Scope of point-of-care ultrasound practice in rural New Zealand

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Nixon Garry, Blattner Kati, Muirhead Jillian, Finnie Wendy, Lawrenson Ross, Kerse Ngaire (2018) Scope of point-of-care ultrasound practice in rural New Zealand. Journal of Primary Health Care , -.

New article from UOO rural POCUS group. Not surprising that POCUS used with a broad scope of practice by rural generalists. Central governance good idea.


INTRODUCTION: Point-of-care ultrasound (POCUS) is an increasingly common adjunct to the clinical assessment of patients in rural New Zealand.

AIM: To describe the scope of POCUS being practiced by rural generalist hospital doctors and gain insights, from their perspective, into its effect.

METHODS: This was a mixed-methods descriptive study. Main outcome measures were type and frequency of POCUS being undertaken. A questionnaire was given to POCUS-active rural hospital doctors to survey the effect of POCUS on clinical practice and assess issues of quality assurance.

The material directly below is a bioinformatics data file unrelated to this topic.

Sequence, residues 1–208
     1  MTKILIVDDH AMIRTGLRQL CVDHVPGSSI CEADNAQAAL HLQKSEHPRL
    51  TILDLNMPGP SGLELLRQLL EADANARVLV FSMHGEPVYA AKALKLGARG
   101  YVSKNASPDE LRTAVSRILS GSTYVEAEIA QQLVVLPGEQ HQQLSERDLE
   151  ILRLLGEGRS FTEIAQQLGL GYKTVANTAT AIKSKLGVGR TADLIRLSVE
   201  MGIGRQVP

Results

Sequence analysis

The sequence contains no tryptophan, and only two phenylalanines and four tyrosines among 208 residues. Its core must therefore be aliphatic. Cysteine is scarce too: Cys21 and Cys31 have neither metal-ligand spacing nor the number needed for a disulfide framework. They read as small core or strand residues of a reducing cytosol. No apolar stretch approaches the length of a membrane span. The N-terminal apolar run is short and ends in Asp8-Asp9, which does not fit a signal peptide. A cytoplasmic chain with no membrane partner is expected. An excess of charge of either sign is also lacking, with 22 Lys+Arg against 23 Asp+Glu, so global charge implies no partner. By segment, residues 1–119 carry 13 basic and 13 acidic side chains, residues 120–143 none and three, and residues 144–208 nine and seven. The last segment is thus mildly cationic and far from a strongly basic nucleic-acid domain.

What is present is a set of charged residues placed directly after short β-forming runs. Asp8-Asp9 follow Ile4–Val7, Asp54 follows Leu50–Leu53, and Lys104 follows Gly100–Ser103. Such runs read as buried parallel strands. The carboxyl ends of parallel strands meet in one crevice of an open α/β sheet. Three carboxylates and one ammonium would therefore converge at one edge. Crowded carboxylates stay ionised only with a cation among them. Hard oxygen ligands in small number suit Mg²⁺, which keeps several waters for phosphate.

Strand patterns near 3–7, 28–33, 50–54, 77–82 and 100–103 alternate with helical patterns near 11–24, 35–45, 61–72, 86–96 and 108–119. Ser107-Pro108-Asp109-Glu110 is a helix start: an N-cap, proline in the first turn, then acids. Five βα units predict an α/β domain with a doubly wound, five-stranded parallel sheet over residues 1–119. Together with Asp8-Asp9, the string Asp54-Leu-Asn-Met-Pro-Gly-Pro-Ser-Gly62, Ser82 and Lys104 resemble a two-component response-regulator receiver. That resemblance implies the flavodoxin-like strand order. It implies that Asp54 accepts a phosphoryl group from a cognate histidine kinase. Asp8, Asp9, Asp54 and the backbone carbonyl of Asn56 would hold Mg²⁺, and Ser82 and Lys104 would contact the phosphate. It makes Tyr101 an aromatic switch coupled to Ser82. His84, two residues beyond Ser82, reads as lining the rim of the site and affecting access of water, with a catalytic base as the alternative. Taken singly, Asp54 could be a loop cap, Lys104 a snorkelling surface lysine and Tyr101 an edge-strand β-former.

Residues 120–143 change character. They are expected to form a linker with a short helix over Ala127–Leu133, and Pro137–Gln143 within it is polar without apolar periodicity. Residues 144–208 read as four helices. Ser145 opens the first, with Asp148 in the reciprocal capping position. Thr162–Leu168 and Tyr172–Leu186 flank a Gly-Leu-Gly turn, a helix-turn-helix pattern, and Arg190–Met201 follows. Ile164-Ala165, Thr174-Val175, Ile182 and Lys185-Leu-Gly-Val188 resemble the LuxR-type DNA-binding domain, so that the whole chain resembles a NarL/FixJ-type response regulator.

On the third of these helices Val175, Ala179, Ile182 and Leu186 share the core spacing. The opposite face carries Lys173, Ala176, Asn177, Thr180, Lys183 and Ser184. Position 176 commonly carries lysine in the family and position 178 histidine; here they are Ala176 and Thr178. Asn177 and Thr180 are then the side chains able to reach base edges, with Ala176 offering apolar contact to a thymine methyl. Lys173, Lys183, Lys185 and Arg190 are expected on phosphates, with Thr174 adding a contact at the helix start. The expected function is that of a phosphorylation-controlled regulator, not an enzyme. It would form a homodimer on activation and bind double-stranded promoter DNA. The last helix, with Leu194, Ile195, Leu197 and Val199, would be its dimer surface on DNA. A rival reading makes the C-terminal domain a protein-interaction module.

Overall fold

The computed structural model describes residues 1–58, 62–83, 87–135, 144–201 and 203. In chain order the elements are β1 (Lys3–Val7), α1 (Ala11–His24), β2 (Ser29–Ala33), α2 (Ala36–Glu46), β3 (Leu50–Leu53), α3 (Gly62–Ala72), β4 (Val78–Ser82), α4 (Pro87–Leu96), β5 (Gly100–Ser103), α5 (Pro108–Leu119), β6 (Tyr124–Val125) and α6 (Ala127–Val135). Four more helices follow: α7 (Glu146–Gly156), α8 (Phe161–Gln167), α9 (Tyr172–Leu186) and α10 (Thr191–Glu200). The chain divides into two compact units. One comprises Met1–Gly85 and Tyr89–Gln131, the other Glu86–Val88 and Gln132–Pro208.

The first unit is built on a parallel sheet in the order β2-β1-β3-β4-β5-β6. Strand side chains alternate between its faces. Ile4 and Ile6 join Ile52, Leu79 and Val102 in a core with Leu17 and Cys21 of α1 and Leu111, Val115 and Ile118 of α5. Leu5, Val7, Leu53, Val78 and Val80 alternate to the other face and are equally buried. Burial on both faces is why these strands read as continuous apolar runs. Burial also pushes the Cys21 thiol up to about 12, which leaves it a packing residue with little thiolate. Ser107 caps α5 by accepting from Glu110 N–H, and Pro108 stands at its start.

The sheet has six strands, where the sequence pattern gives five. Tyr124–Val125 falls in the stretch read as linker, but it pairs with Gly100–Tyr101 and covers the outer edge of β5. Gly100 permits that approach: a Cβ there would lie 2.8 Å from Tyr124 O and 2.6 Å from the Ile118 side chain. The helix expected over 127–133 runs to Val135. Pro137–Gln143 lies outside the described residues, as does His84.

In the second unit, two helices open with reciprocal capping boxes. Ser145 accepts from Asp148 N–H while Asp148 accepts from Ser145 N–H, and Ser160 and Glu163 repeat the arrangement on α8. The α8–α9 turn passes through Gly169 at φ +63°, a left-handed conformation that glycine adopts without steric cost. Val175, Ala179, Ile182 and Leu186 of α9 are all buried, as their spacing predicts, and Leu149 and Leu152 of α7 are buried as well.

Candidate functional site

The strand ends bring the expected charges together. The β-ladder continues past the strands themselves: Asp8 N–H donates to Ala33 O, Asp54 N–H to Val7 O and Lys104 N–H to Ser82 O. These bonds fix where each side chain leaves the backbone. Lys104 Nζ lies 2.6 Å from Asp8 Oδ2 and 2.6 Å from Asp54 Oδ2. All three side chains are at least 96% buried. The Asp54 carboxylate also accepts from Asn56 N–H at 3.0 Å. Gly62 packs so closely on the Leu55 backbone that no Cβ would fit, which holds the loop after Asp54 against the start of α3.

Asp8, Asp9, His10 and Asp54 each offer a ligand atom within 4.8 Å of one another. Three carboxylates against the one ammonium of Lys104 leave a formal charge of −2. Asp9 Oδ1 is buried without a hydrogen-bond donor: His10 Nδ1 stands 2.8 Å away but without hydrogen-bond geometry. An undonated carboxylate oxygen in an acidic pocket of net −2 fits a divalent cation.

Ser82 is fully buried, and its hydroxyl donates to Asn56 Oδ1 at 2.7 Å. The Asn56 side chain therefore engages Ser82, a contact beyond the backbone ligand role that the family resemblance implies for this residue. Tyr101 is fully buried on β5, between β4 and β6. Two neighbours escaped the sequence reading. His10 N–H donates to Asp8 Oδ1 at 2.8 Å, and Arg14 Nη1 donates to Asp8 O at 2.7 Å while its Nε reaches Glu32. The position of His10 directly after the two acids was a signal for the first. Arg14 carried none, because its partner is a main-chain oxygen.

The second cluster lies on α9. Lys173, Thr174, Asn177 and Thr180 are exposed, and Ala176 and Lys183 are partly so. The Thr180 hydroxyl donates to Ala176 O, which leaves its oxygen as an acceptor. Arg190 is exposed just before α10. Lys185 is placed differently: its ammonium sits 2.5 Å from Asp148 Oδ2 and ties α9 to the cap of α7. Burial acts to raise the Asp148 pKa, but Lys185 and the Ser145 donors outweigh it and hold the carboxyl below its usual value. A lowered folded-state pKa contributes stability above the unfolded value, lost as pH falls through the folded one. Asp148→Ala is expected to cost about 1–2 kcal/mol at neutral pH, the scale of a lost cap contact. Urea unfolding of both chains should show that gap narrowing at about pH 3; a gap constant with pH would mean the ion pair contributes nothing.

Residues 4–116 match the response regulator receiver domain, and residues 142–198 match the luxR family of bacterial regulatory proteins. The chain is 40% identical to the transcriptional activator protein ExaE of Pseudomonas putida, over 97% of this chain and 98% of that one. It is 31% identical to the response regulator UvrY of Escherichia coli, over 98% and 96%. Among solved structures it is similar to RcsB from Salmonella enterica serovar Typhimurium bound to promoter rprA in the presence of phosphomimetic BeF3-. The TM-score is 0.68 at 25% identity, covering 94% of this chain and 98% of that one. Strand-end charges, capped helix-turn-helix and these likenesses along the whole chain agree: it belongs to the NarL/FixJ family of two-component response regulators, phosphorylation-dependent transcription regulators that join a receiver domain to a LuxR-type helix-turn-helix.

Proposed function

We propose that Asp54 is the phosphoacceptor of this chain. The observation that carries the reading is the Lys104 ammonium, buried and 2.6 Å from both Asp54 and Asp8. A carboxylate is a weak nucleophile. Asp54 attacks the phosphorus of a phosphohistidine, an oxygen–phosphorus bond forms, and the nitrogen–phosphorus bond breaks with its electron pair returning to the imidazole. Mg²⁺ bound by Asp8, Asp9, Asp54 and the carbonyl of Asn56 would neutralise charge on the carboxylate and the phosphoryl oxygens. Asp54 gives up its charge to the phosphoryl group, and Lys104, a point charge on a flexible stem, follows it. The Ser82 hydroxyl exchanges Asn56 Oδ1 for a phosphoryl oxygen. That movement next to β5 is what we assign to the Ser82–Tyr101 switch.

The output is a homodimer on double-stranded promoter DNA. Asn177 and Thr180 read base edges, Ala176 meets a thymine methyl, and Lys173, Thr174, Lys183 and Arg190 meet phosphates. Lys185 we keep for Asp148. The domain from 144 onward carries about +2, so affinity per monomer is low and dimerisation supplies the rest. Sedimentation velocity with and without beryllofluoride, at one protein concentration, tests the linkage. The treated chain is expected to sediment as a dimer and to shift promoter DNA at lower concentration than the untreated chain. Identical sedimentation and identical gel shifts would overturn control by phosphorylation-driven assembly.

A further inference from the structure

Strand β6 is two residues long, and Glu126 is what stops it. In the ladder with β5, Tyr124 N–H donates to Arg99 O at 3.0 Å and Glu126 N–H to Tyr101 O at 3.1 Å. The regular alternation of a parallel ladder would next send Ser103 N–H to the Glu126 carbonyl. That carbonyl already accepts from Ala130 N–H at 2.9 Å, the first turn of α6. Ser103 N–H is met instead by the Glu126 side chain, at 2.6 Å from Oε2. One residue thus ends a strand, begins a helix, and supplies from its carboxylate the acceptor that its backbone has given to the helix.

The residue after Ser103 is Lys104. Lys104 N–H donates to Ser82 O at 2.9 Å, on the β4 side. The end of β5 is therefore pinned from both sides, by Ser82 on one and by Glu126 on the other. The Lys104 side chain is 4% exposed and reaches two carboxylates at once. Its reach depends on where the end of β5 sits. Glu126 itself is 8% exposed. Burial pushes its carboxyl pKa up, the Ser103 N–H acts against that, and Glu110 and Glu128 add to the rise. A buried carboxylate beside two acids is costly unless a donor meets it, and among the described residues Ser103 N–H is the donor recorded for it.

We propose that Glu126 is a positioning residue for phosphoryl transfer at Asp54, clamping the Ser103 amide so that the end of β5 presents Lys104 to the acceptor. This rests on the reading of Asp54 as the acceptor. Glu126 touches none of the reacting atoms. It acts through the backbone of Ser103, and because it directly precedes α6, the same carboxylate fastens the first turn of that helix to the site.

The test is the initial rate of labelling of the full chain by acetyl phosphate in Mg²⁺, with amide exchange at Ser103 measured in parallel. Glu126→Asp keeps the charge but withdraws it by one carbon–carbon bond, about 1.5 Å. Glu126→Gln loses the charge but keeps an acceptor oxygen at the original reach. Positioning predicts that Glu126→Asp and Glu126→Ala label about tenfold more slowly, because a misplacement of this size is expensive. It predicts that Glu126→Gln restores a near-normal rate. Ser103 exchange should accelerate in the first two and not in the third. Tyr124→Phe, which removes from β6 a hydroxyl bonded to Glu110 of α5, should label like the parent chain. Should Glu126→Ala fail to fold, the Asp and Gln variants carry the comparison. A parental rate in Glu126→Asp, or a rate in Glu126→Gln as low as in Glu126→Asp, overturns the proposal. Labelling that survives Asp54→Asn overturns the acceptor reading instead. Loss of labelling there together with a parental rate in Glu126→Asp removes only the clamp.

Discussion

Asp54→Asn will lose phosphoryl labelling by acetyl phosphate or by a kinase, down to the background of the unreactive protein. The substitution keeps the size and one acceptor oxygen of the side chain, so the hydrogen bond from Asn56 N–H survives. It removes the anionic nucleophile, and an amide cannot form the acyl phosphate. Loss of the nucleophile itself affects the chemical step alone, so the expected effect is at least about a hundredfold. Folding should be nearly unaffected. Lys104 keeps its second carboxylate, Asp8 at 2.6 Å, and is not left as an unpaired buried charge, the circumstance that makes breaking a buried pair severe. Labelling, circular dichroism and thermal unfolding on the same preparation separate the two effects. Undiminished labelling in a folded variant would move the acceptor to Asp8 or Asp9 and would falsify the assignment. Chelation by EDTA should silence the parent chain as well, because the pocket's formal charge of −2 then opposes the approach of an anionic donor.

RESULTS: The most commonly performed scans were: cardiac (18%) and volume scans (inferior vena cava and jugular venous pressure) (14%), followed by gallbladder (13%), kidney (11%), Focused Assessment with Sonography in Trauma (FAST) (7%), bladder (6%), leg veins (6%) and lungs (5%). There was large variation in frequency of scan types between the study hospitals that could not be accounted for by differences in training.

DISCUSSION: Rural generalists consider the broad scope of POCUS they practise to be an important but challenging skill set. Clinical governance, including an agreed scope and standards, may increase the benefits and improve the safety of rural POCUS.

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